Johannes Caioni

From Wikipedia, the free encyclopedia
Jump to navigation Jump to search
Johannes Caioni

Johannes Caioni (Ion Căian or Căianu in Romanian or Kájoni János in Hungarian; 8 March 1629 – 25 April 1687) was a Transylvanian Franciscan friar and Roman Catholic priest, musician, folklorist, humanist, constructor and repairer of organs of Romanian origin (according to his own testimony, "Natus valachus sum" - "I was born a Vlach").


Caioni was born in Kiskaján (Căianu Mic), in the Principality of Transylvania (now in Bistrița-Năsăud County, Romania). He was raised in Kolozsvár (Cluj-Napoca) and Csíksomlyó (Șumuleu Ciuc). He was of a noble family — Caioni's aunt was the wife of a garrison commander in Csíkszereda (Miercurea Ciuc). Through her connections, he was admitted in the Franciscan monastery of Csíksomlyó.

Caioni studied with the Jesuits in Kolozsvár, and continued his studies in Csíksomlyó. In 1647, he became a friar, and continued his studies in Nagyszombat (Trnava), training in music. He was ordained in 1655. Subsequently, he lived in Csíksomlyó, Gyergyószárhegy (Lăzarea), and Călugăreni (now a village in Eremitu commune, Mureș County). He died in Gyergyószárhegy and was buried, in accordance with his last wish, in an unmarked grave.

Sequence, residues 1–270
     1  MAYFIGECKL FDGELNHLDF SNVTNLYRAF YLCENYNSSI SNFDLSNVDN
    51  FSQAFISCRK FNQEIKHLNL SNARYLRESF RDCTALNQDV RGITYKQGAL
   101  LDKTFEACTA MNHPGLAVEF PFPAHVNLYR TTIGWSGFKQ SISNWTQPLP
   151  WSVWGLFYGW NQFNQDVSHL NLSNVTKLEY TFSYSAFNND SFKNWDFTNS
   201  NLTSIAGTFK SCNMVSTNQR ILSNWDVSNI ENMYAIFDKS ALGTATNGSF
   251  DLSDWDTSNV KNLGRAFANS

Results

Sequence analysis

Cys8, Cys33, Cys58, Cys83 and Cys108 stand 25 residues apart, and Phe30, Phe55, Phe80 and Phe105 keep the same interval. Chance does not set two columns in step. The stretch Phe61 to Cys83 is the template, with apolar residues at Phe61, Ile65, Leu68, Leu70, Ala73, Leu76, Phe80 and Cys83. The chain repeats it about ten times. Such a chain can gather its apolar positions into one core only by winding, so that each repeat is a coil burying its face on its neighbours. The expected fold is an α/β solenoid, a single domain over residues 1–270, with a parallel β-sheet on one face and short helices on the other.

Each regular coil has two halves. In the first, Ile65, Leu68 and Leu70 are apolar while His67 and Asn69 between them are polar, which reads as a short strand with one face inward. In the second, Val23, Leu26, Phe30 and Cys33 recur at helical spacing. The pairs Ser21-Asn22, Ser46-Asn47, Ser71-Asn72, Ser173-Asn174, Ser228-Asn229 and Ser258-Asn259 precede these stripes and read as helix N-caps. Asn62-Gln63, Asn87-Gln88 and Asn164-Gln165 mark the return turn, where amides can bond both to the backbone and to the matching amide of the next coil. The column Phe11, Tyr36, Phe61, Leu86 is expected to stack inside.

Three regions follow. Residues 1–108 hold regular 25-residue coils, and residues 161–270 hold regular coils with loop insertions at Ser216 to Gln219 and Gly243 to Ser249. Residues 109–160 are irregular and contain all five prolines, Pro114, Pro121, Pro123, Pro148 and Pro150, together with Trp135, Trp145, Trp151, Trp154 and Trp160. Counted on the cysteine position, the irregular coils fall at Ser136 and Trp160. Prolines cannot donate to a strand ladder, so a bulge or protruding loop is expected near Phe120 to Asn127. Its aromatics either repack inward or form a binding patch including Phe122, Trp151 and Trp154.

Works and legacy[edit]

A Renascentist and precursor of the Age of Enlightenment in Transylvania, he is best known for his most important works:

  • Codex Caioni,[1]
  • Organo Missale,
  • Cantionale Catolicum,
  • Sacri Concentus,
  • Calendarium,
  • Antiphonarium Romanum and others.

His mentioning of the traditional Călușari dance in his musical notations makes this among the first to have ever recorded the custom.

In 1675, Caioni founded a printing press in Csíksomlyó, printing both his works and textbooks for the local Franciscan school. His Cantionale Catolicum went through four editions—1676, 1719, 1805 and 1806. The press was noted for serving the cultural needs of Roman Catholics in the Székely Land and neighbouring Moldavia. It was later used by Hungarian revolutionaries of 1848 to print their Hadi Lap newspaper, and other publications.


  • See Five centuries of German music in Transylvania.

Bucharest: Electrecord, 1995.


  1. ^ "[17/07/2008] - Codex Caioni (Frisch, 2007)". Archived from the original on 2008-11-18. Retrieved 2009-04-12. Cite uses deprecated parameter |deadurl= (help)